'Go home!' N.W.T. residents tell Ontario nuclear power advocate

A Thursday evening forum in Yellowknife about bringing nuclear energy to Canada's North quickly turned hostile, with local Aboriginal people telling one presenter to "Go home!"

Presentation met with hostile responses Thursday night in Yellowknife

Muriel Betsina of Ndilo speaks during a presentation on nuclear power Thursday night in Yellowknife. (CBC)

A Thursday evening forum in Yellowknife about bringing nuclear energy to Canada's North quickly turned hostile, with local aboriginal people telling one presenter to "Go home!"

Robin Rickman of Oakville, Ont.-based Terrestrial Energy attempted to present a new design of a nuclear reactor to a packed room of N.W.T. residents interested in lowering the cost of energy, but he was repeatedly shouted down.

"Where are the chiefs?" yelled Dehcho region resident Roxanne Landry. "You are not welcome on Dene land!"

Yellowknife resident Daniel Gillis, a civil engineer and advocate for nuclear energy, organized the forum.

He called Landry's outburst a "hijacking".

Gillis regained control of the talk by telling Landry there was no immediate plan to bring nuclear power to Yellowknife, despite his desire for large scale change.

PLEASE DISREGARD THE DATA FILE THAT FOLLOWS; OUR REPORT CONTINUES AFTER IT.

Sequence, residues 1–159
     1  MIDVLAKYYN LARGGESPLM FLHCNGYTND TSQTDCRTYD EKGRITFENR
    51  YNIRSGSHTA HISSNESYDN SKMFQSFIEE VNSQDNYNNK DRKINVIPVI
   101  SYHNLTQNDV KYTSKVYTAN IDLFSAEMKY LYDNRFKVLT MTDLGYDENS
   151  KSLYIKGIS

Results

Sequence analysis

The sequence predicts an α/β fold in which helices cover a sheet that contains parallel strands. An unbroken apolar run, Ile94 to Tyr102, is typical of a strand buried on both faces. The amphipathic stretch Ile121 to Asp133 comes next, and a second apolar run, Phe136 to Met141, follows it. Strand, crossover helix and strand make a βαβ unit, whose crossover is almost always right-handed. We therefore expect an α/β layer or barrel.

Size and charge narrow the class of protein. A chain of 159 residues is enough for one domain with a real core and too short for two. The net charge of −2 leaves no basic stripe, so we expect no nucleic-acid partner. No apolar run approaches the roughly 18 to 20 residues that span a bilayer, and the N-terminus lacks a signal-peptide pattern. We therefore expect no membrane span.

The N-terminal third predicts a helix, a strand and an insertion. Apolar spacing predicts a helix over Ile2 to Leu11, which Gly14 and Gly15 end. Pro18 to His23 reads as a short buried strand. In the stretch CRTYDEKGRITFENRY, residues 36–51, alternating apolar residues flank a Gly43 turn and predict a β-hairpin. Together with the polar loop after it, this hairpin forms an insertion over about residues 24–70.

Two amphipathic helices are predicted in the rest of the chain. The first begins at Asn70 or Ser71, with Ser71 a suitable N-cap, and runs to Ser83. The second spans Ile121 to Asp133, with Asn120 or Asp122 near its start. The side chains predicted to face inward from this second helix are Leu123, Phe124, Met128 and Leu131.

"This is an information session. We are trying to remove a terrible technology, burning fossil fuel," Gillis said. "We are trying to replace a very detrimental energy with a clean energy."

Terrestrial Energy's design is called a Molten Salt Reactor. Instead of cooling radioactive rods with water, it dissolves nuclear fuel in molten salt.

The company says the salt will act as a coolant and regulate the rate of the nuclear reaction, reducing the risk of a meltdown. The system, unlike current reactors, also does not produce excess plutonium, the material used to create nuclear bombs, according to the company.

Frame Lake MLA Kevin O'Reilly was at the presentation and says too many questions were left unanswered.

"There are still lots of issues of what do you do with the waste," he said. "It's nowhere near a feasibility stage. None of these facilities have been built anywhere. I don't know where the financing would come from. Lots of problems."

O'Reilly said he doubted whether the project could be safely regulated.

That concern was echoed by Landry. She pointed to the contaminated Giant Mine site, just outside of Yellowknife, as a hard lesson in putting too much trust in the industry or regulators.

N'dilo resident Muriel Betsina told Rickman to come back after the company has demonstrated its technology is safe.

"Maybe fifty years from now, when your plants are running good all over the county, if it is safe, then let us know," she said.

Rickam told the crowd Terrestrial has no interest in making Yellowknife its first testing ground. That location will probably be an existing nuclear power plant in Ontario.

Rickman said the company plans to build its first Molten Salt Reactor sometime in the 2020s.